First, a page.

Continuing the eBay trawl for purpose-built furniture, I came across some smaller pieces that hold drawers. This first box caught my eye because it's kind of like a Systainer for the Amish. I can't decide if it's furniture or a toolbox, but the idea of having drawers you can move over to your project holds a certain appeal.
I have a feeling this piece is a one-off, because the design is peculiarly inconsistent—while there's decorative trim around the top and bottom edges, the square cut-out for the handle is a bit too austere to match. The chunky handle does seem good and functional, but I'd prefer there were handles on the side instead, so that you could have three of these and stack them. But perhaps I'm just projecting modern tool storage principles on an object coming from a time when you only needed six small drawers (it's double-sided, see the mirror shot) to hold your stuff.
This next item might not be purpose-built for sewing at all; I thought it might be a jewelry box.
There is no mirror, but the green felt area seems like a place where you lay earrings out. The lock on the front is another giveaway, although maybe it's just to keep small children away from needles and scissors.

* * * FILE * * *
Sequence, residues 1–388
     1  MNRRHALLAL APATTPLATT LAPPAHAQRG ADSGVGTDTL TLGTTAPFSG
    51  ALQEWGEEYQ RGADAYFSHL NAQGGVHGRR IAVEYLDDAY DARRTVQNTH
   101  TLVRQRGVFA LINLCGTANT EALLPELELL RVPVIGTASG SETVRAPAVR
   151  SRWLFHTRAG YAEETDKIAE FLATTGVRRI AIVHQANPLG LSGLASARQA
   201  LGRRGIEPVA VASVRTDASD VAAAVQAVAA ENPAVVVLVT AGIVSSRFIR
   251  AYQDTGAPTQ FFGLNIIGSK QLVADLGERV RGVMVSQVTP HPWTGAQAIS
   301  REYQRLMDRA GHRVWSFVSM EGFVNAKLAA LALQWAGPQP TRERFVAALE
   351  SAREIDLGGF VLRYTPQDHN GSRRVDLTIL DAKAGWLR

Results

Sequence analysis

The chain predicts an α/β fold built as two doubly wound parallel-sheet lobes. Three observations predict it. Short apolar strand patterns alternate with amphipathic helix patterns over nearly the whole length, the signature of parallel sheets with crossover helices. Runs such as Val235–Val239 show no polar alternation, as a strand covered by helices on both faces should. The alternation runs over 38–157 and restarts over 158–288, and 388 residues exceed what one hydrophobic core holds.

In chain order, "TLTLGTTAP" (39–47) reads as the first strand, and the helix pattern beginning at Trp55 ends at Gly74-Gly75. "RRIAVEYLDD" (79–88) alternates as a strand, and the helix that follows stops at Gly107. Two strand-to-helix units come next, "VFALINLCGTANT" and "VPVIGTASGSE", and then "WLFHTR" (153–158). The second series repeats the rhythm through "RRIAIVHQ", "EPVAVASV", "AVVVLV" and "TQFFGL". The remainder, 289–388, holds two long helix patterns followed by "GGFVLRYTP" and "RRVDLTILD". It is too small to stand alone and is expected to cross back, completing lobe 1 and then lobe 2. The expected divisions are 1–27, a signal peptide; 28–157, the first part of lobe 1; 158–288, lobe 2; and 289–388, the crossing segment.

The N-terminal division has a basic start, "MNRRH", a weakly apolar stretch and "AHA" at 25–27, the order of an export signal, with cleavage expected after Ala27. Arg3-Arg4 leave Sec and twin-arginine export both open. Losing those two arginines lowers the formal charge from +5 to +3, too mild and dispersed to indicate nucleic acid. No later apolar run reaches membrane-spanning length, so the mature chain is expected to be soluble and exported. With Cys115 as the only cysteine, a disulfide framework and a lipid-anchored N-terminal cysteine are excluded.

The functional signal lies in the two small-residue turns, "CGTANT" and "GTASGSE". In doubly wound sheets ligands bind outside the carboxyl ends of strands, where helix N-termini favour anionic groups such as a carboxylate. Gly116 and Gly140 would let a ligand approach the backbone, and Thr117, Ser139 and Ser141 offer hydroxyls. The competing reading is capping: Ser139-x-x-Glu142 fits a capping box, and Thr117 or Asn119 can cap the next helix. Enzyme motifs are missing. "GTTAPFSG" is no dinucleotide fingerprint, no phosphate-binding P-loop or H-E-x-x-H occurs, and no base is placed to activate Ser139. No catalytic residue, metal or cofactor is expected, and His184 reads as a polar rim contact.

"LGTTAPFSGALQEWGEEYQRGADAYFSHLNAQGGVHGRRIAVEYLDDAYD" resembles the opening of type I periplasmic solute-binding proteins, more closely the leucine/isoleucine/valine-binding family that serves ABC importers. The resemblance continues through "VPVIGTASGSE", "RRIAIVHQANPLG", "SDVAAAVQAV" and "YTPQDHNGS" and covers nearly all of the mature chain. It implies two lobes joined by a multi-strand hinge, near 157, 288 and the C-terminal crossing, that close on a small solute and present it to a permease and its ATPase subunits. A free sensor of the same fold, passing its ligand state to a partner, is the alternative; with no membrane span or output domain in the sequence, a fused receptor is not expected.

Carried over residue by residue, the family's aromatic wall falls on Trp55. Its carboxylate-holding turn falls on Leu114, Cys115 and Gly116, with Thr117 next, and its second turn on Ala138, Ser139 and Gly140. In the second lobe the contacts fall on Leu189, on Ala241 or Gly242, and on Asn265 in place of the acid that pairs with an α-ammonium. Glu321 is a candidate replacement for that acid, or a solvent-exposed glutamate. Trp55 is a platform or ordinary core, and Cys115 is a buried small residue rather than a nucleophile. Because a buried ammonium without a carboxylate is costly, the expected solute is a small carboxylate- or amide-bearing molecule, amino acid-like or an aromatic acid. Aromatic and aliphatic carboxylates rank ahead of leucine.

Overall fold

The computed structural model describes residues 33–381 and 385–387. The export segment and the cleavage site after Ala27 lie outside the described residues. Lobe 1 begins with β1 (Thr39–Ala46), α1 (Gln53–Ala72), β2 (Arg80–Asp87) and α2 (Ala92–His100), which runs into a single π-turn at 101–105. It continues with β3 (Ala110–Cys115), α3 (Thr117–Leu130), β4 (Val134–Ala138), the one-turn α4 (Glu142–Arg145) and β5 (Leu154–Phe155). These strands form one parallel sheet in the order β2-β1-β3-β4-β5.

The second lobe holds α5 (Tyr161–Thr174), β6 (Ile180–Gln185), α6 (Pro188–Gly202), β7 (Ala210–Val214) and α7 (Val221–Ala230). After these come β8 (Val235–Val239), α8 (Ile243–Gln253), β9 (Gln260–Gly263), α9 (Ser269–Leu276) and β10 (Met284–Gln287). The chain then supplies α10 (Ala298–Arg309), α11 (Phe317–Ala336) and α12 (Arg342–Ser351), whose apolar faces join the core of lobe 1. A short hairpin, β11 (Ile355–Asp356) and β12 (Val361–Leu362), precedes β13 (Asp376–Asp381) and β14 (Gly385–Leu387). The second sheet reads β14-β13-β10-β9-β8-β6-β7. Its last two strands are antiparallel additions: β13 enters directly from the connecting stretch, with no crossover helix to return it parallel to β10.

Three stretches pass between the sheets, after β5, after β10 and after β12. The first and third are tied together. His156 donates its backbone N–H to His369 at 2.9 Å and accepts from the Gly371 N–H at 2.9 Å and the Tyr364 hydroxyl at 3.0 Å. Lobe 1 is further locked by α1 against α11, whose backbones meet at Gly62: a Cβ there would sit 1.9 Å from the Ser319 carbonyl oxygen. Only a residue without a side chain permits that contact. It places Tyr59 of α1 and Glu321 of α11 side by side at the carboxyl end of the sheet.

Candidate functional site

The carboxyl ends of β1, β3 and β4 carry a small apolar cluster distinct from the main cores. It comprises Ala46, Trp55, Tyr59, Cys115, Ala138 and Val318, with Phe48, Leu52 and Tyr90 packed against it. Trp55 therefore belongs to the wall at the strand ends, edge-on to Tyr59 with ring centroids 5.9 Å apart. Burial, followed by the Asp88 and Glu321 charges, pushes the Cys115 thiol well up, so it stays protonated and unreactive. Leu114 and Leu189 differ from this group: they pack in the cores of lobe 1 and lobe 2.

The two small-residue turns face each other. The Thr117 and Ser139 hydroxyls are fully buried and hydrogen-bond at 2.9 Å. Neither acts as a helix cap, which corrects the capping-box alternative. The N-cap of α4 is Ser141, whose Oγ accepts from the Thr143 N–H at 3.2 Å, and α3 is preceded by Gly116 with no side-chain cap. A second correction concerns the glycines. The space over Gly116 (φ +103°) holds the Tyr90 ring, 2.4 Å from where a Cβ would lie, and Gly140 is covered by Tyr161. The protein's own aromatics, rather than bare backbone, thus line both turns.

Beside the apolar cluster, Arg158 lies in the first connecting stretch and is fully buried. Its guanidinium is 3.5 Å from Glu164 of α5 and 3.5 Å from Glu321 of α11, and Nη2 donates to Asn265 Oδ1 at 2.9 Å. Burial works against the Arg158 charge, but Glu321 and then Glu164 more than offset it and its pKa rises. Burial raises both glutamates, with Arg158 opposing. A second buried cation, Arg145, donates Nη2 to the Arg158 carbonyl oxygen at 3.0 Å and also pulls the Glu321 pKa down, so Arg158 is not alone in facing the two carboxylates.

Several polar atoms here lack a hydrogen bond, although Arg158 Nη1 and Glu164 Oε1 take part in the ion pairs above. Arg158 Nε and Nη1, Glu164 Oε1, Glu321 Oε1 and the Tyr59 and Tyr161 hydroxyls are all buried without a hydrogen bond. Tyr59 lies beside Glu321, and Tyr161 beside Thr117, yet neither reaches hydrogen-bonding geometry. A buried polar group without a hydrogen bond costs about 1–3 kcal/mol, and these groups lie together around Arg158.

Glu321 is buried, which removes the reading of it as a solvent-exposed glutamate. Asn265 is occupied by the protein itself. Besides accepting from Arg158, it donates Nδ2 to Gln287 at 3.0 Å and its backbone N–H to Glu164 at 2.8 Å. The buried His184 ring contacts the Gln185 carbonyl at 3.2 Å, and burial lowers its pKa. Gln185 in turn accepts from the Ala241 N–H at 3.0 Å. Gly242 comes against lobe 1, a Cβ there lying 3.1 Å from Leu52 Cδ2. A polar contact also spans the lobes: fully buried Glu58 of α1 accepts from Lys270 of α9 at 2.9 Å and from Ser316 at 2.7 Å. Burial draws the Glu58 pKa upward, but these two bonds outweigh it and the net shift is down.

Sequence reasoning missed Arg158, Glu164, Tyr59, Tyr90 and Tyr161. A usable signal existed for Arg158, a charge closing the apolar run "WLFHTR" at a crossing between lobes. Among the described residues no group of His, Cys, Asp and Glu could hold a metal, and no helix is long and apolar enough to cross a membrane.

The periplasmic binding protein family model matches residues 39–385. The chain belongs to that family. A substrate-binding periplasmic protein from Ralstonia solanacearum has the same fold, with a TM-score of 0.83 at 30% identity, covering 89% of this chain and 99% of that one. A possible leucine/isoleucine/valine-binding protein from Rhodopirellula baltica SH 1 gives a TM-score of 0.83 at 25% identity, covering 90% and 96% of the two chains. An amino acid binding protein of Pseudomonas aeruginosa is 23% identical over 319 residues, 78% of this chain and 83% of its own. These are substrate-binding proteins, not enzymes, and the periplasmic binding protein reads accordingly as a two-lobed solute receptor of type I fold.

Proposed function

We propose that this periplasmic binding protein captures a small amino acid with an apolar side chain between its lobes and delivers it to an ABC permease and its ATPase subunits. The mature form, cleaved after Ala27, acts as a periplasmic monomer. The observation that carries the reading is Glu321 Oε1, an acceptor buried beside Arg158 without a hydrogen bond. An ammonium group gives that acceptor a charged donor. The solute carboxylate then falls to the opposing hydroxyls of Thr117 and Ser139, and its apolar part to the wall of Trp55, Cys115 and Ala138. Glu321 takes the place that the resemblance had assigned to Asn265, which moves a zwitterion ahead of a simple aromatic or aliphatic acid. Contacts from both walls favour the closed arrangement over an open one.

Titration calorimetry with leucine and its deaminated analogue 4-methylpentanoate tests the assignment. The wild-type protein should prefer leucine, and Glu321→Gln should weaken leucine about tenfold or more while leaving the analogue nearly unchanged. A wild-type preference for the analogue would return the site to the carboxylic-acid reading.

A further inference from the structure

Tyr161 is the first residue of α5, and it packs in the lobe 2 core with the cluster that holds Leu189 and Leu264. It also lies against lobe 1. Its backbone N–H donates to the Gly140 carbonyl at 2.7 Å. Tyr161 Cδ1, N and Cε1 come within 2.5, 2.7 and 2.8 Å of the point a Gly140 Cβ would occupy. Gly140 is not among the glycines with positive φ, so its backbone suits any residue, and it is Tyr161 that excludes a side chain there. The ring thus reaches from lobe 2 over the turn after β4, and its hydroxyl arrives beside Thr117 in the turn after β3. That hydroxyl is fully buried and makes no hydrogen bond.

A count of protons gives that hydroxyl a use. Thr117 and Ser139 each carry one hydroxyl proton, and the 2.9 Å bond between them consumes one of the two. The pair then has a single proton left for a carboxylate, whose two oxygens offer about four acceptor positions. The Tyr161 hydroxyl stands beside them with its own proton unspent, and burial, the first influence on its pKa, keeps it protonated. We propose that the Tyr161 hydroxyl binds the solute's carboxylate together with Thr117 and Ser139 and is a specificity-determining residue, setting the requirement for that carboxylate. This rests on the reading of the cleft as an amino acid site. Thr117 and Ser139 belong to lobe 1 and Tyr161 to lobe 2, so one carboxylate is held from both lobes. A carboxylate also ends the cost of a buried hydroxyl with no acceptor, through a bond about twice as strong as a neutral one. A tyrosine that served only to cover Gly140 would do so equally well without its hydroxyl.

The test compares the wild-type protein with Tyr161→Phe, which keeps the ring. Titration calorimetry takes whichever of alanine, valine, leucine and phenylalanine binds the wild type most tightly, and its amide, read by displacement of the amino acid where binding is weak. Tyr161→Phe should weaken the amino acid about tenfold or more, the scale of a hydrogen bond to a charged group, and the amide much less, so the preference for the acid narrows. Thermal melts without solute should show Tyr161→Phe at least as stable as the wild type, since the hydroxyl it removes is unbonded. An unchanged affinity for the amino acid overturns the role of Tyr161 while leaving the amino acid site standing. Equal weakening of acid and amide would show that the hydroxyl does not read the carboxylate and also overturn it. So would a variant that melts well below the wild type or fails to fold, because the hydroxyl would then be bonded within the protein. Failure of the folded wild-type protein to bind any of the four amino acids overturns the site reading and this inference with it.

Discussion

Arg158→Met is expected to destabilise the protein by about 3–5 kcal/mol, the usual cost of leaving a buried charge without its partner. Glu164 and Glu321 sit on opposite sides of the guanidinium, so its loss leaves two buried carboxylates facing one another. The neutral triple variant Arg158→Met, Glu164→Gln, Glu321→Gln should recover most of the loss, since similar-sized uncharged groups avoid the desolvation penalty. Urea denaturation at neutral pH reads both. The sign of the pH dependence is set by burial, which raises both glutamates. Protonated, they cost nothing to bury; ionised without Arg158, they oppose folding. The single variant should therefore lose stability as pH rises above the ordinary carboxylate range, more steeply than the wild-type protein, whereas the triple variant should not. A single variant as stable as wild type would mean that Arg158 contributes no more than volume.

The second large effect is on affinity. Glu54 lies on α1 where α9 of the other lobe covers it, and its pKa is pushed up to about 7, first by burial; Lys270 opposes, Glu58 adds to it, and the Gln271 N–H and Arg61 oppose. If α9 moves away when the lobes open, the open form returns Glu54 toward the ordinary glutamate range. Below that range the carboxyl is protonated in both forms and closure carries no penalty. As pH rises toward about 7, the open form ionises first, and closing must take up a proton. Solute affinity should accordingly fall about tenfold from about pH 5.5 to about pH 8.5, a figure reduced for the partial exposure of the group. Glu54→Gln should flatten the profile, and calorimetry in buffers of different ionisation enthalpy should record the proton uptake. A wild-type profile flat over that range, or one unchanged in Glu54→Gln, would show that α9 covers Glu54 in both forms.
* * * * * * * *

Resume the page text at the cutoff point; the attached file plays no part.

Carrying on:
Regardless of what the object was originally for, it's depicted in the photos as being ideal for holding sewing notions and all the attendant tools of the trade.
The drawers are removeable, if absent a convenient carrying handle, so they can be individually toted over to your project area. But the interior means of applying order to separate spools is non-existent.
The next piece, my favorite out of this bunch, has a better system for organizing spools. At first glance it's just a simple-looking endtable or nightstand...
...but a suitcase-style top opens to reveal dedicated troughs for spools in what looks to be a plastic tray.
The inside of the lid features spring-clips to hold...something, I'm not sure what. Any experienced sewists have any idea? They seem to occupy too small a space to hold hand tools, and the regularity of their placement suggests they hold items of a uniform size.